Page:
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UPF "Peace Talks" Webinar Facilitates Conversation about Race in Aftermath of Killing of George Floyd

UPF International, United States—On the morning of June 5, 2020, UPF International held a web conference titled “Searching for Peace: A Conversation About Race, Justice, Trust and Community.” The conference drew about 370 viewers from 54 countries.

Dr. Thomas Walsh (Chair, UPF International) gave the opening remarks and introduced the panelists. Many cities in the United States are in turmoil, he noted, facing a mix of peaceful demonstrations, civil unrest, and occasional violence arising out of the horrific killing of George Floyd by a police officer in Minnesota several days ago. Most demonstrators are outraged by what they believe to be a pattern of racism within the law enforcement and criminal justice system, if not society at large, a pattern that unfairly targets people of color. Others emphasize a wider context of economic inequality. To complicate matters further, citizens throughout the country and world are stressed by the lockdowns due to the pandemic. What can be done, he asked, to re-establish conditions of trust and solidarity, dialogue and cooperation, reform and social transformation?

Dr. Michael Jenkins (Chair, UPF USA; President, UPF International) spoke first. The protests against discriminatory policing are very diverse. Racism is a conflict that touches everyone, and religious leaders have a key role in pushing back against racism. Coming to terms with our own prejudices and shortcomings is a complex, personal process for every individual. He and Reverend Rouse went to Charleston on the anniversary of the mass shooting in a black church. On the occasion of that shooting, religious leaders and community organizers successfully quelled any impulse to violence or destruction. Dr. Jenkins concluded by expressing his hope for the future.

Rev. Victor James Smith (National and Minneapolis President, Men Against Destruction, Defending Against Drugs & Social Disorder [MADDADS] Program) gave his remarks next. He spoke of the “five Rs” necessary to move forward: Rebuild our communities, reform our laws, restructure our institutions, revitalize our communities, and refuse to accept the status quo from before these events.

Hon. Loretta Sanchez (Member, U.S. House of Representatives (1997–2017) followed Reverend Smith. In July 2012, a police officer in Hon. Sanchez’s district shot a young Latino man, resulting in protests and rioting. The rioting was largely perpetrated by people coming in from outside the community and was quelled in-part by organizations of mothers within the community. The federal Department of Justice also sent a pair of professional community mediators to build programs and trust in the neighborhood. This work has paid off; Anaheim has seen protests in the wake of the killing of George Floyd but has not seen the kind of violence or rioting that has happened in many other parts of the country.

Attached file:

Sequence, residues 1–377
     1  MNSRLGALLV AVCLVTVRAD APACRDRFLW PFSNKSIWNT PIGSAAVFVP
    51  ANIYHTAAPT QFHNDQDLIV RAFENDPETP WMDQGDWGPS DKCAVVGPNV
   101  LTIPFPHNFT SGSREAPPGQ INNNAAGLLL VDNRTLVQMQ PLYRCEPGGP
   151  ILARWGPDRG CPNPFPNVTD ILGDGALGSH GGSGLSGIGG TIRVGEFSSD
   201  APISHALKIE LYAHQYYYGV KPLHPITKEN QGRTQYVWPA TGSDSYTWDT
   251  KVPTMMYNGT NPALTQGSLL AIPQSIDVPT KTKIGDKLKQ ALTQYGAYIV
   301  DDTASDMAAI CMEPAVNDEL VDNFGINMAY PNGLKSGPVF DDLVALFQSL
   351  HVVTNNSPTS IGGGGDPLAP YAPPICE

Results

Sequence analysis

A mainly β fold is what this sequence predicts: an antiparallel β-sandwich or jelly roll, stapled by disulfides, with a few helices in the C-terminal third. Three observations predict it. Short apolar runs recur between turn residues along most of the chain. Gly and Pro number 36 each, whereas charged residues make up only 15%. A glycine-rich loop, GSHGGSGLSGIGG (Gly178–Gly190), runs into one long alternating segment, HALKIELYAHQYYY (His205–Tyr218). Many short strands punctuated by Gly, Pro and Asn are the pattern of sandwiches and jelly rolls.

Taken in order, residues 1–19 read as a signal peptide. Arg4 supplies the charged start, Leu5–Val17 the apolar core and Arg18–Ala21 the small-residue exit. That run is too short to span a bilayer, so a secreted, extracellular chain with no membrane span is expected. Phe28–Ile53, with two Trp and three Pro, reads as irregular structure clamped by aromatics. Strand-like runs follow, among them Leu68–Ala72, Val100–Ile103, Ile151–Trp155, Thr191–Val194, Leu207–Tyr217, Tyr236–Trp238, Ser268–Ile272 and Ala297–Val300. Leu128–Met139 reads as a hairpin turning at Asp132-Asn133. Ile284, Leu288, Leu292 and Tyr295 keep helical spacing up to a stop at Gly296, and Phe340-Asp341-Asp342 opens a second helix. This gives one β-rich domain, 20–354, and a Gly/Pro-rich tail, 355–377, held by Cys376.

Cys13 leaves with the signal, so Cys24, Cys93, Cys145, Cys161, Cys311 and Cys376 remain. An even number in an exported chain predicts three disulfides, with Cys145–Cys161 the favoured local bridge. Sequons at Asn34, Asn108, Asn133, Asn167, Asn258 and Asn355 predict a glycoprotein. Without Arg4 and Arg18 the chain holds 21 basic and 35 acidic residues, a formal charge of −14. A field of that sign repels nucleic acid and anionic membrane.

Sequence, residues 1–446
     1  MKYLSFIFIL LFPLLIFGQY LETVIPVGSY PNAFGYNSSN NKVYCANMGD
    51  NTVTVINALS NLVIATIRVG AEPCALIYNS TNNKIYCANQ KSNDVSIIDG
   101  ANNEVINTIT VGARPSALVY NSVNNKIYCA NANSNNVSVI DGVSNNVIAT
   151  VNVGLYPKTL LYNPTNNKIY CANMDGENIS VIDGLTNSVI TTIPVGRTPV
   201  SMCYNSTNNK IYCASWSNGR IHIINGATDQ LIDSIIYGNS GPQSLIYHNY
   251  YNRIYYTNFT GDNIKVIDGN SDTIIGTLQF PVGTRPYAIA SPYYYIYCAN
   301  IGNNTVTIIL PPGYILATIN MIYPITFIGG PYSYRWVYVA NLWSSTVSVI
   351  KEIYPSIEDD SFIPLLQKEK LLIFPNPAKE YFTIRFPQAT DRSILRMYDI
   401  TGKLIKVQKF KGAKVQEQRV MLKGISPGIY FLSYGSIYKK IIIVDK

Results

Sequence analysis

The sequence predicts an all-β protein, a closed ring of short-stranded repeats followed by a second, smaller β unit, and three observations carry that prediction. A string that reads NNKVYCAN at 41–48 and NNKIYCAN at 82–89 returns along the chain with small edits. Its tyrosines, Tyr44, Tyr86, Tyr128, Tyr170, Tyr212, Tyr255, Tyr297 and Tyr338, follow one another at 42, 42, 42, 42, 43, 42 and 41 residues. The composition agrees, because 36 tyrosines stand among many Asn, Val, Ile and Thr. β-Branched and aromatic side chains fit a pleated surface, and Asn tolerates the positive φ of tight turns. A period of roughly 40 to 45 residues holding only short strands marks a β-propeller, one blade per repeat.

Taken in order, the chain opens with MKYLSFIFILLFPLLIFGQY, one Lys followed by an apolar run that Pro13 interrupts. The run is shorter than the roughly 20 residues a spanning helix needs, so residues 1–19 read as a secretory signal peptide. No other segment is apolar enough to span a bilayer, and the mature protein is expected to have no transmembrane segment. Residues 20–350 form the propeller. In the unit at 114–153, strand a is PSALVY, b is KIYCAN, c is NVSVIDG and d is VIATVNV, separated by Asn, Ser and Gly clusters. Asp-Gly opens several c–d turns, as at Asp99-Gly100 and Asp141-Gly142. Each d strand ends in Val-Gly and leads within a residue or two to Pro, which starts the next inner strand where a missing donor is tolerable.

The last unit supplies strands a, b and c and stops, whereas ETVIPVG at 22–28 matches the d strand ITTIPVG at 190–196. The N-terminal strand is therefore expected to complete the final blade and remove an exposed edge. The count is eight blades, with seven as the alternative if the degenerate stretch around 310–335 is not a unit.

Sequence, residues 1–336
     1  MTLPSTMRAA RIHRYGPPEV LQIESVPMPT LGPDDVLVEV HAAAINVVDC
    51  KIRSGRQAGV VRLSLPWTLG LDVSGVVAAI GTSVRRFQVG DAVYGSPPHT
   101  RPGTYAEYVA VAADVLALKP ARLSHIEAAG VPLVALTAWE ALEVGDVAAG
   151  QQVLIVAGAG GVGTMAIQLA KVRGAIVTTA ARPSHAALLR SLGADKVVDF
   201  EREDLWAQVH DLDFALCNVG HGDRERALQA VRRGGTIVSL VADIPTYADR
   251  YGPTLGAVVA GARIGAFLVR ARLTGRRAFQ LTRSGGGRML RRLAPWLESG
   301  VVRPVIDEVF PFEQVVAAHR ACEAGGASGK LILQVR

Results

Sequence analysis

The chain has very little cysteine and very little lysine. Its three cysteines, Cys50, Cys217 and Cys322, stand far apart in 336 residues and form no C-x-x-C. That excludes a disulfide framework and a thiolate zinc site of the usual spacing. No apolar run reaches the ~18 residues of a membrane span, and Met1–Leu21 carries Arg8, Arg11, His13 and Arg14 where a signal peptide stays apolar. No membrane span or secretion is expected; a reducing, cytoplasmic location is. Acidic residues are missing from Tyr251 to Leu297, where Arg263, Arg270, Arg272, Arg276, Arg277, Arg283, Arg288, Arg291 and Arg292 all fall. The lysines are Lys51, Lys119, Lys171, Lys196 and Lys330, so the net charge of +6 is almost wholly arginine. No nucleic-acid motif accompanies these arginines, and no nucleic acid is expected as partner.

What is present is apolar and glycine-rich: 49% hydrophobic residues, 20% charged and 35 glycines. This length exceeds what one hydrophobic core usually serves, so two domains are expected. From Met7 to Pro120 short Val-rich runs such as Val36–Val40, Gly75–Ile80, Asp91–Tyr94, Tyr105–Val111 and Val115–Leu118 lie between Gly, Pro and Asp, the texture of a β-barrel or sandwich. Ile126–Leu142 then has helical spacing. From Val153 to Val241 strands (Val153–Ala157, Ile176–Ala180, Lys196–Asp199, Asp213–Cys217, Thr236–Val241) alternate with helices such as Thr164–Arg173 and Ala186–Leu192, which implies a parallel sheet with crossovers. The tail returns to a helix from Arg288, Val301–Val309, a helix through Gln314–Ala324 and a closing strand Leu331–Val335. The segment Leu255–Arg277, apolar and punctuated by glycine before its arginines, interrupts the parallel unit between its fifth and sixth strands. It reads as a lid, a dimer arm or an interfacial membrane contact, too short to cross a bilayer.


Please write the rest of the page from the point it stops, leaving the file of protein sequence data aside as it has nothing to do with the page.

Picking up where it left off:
Dr. William Lay (Professor, Criminal Justice, University of Bridgeport) gave his remarks next. His students represent a broad cross-section of American society: aspiring attorneys, police officers, advocates, and more. Black Americans have to give their children particular warnings about how to behave in public to avoid being labeled a certain way and harassed by police. Dr. Lay called for more “listening” to the communities affected by racism and problems in policing. He spoke skeptically of the ability of government to bring economic vitality to struggling community, calling for private generosity.

Ms. Gloria Howard-Geraldo (President, Rotary Club of North Minneapolis) followed Dr. Lay. Before we can get to Reverend Smith’s “five Rs,” she said, we need to “rewrite” our narrative in order to get to the root of the problems. We will likely see change coming from the current protests, but it very well may not be lasting change. Everyone needs to be educated on American history; there is a great disparity in the United States with regard to how much African American history is taught in schools. Education can lead to widespread empathy, compassion, and love for our fellow Americans. The problems we face are generational, and they require generational solutions.

Rev. Luonne Rouse (United Methodist Pastor; Co-Chairman of American Clergy Leadership Conference) was the last panelist. In 1913, W.E.B. Dubois labeled race the “problem of the 20th century,” but the problem persists to this day. Rev. Rouse called attention to the Wisdom Literature of the Bible, which advises us to never let go of wisdom and understanding. As a Methodist minister, Rev. Rouse preaches and teaches love, and he sees that principle alive in the UPF community. He called for communities, religious leaders, and law enforcement to communicate and teach one-another to bring about change. In his conclusion, he recalled an experience he had in 1990, when he saw a young white man being beaten by a group of police that included a black officer. He saw then that the problem was not merely a racial one, but a failure to recognize human dignity.

Q&A Followed:

Reverend Smith called for an end to “top-down” approaches; change must be initiated by communities rather than high-level officials. Honorable Sanchez emphasized the widening gap between rich and poor in the United States as a significant source of future public anger. Ms. Howard-Geraldo observed the need for basic economic skills education in disadvantaged communities; when people have that basic knowledge, they are able to find greater success. Dr. Jenkins emphasized that the only way to bring peace is through love, not through force.

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